But deputy chairman Yelena Sutormina told VICE News that the Russian Peace Foundation doesn’t receive money from the government and the trips did not have any political purpose.
Russian media meddling
While Russian politicians have built ties with French MPs, Russia’s foreign-focused state media RT and Sputnik have been lavishing coverage on Europe’s migrant crisis, an issue on which France’s far right — led most notably by Le Pen — has made political hay after a string of gruesome ISIS-organized terror attacks, including Thursday’s shooting at Paris’s famed Champs Elysees. An analysis this year of Sputnik found that since the establishment of its French-language site in 2016, it had put out an average of three articles a day about immigrants. (RT, which the British media regulator Ofcom has found in violation of impartiality standards more often than any other broadcaster, is launching a French channel this year.)
While experts have argued the audience of these Russian outlets is limited, Polyakova said factually incorrect stories they publish can make their way into mainstream media and the public discourse. “Like an ink drop in a pool of water, at first you see the origin, but then it just dissipates and you can’t see it,” she said.
That was the case when a Sputnik interview with Nicolas Dhuicq, a member of Parliament from Fillon’s The Republicans party, blew up after the politician alleged that Macron was an “agent of the big American banking system” and backed by a “wealthy gay lobby.” That story reignited rumors Macron was secretly homosexual and forced the candidate to deny he was the gay lover of Radio France chief executive Mathieu Gallet. Macron soon suffered a slump in the polls, prompting his aide Benjamin Griveaux to accuse Russia of a “smear campaign” against him.
At the same time, the secretary-general of Macron’s En Marche! party said it was suffering several thousand cyberattacks each month “coordinated by a structured group,” which he said was based in Russia. (The Kremlin denied interfering.) The Macron campaign is not the first French organization to accuse the Kremlin of hacking: According to the head of France’s TV5, investigators found that a 2015 cyberattack that took the channel off-air for hours was linked to APT 28, the same group accused of hacking the Democratic National Committee during the U.S. election.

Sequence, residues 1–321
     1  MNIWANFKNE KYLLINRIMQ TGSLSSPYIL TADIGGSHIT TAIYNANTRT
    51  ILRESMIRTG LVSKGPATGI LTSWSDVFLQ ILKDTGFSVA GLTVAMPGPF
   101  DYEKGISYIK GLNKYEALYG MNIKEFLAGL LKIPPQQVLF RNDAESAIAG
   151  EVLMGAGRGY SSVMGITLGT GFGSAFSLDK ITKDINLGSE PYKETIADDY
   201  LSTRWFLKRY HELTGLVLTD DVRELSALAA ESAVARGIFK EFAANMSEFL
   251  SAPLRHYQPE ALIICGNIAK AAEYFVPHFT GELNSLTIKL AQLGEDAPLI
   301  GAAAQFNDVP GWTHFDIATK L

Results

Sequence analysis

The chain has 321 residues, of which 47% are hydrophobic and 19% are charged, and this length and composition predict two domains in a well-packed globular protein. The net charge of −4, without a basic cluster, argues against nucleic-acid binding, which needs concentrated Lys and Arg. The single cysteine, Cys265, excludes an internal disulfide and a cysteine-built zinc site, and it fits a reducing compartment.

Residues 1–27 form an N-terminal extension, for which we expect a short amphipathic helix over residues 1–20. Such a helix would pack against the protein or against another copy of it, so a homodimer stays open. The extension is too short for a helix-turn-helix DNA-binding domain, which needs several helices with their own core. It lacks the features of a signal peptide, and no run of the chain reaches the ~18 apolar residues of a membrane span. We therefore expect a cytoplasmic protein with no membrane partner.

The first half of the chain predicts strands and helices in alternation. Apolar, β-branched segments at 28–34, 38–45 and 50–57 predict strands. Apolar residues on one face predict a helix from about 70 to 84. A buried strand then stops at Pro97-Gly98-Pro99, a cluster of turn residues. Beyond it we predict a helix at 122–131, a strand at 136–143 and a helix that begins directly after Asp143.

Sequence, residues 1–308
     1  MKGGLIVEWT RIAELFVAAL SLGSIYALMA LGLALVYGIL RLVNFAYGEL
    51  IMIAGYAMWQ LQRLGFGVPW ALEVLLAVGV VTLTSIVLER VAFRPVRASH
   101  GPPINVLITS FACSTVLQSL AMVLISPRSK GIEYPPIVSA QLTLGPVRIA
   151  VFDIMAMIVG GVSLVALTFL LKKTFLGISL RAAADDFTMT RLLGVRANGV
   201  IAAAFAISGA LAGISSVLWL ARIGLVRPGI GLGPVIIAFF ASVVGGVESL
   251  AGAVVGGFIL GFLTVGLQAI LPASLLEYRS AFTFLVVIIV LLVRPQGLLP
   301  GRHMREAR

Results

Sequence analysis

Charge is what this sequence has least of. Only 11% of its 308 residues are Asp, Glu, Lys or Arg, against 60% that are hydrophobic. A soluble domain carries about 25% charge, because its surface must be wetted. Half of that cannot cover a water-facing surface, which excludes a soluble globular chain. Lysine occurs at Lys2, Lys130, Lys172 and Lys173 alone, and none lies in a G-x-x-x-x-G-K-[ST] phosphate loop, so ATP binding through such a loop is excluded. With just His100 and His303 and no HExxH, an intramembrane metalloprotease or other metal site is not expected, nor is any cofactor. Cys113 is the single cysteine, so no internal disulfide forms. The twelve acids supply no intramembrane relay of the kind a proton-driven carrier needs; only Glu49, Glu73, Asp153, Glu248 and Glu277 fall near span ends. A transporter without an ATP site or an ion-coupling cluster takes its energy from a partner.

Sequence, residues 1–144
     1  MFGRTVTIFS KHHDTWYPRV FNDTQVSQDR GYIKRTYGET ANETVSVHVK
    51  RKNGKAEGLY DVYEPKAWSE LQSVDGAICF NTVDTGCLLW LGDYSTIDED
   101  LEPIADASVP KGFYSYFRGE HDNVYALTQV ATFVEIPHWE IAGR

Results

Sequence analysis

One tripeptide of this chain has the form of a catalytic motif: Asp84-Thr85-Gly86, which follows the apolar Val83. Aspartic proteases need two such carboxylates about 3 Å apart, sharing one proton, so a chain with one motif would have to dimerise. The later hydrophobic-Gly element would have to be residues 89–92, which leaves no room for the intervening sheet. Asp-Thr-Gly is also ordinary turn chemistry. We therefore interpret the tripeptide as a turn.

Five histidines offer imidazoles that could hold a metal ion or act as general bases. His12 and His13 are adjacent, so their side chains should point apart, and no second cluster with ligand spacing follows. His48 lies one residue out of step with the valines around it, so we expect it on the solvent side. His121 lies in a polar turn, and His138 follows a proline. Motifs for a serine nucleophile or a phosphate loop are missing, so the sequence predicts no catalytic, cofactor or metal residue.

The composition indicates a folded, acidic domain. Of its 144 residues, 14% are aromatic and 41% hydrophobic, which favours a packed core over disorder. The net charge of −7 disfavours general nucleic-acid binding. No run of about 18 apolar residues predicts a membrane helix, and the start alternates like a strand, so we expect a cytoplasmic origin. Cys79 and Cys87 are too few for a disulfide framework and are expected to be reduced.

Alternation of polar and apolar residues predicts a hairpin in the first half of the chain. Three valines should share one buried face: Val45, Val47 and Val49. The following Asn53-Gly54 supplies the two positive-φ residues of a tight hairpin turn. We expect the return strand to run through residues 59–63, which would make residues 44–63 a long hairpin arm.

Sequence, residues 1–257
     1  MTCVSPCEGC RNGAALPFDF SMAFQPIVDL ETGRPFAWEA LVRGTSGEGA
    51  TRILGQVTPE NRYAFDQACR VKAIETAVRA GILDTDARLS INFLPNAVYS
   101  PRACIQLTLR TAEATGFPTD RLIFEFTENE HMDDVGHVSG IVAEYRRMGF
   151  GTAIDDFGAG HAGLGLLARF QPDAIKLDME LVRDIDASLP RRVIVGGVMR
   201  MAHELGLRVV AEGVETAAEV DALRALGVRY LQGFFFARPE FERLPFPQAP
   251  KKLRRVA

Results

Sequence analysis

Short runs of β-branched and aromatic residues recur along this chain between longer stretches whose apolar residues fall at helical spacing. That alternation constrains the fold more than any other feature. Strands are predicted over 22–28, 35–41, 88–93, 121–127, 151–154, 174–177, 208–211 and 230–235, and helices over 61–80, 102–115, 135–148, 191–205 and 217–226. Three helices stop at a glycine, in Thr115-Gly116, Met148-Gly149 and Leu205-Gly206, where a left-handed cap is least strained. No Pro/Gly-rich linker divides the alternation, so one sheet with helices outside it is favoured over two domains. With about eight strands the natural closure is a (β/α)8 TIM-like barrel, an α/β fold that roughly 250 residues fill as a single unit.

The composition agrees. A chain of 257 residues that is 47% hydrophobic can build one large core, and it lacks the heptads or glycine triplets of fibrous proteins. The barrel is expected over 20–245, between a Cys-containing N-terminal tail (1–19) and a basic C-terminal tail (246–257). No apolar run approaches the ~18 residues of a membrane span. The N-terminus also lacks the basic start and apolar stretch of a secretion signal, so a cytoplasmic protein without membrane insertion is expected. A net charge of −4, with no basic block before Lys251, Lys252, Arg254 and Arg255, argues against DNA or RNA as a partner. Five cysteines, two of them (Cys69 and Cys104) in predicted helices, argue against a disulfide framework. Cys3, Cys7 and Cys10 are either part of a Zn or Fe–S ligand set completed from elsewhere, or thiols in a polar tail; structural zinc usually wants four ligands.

For now there is no publicly available evidence to back up En Marche!’s claim. But it has again raised the specter of Russia’s ability to meddle in western elections.
“It would be huge, if, say, the hackers stopped in the States and decided to refocus on Europe,” said expert Andrei Soldatov, author of books about the Russian secret services and their electronic surveillance.
One mitigating factor this time around is that the U.S. election hacking has made European leaders more vigilant against Russian interference. A November resolution by the European Parliament warned about “aggressive Russian activities in the cyber domain” and called for coordination by member states to “counter disinformation and propaganda” from Russia.
In France, outgoing president François Hollande has warned against Russia’s “ideological operations” to influence elections, and foreign minister Jean-Marc Ayrault called the cyberattacks against Macron an unacceptable “form of interference in French democratic life.” The foreign ministry has suspended e-ballots for voters living abroad “due to the extremely high threat of cyberattacks that could affect the conduct of electronic voting.”
“After what happened in the United States,” Ayrault said, “it is our responsibility to take all steps necessary to ensure that the integrity of our democratic process is fully respected.”
The Russian threat to Europe’s elections will not be over after the presidential vote. France will hold elections to the national legislature in June, and national elections will soon take place in Germany, which chancellor Angela Merkel warned is already “having to deal with information out of Russia or with internet attacks that are of Russian origin or with news which sows false information.”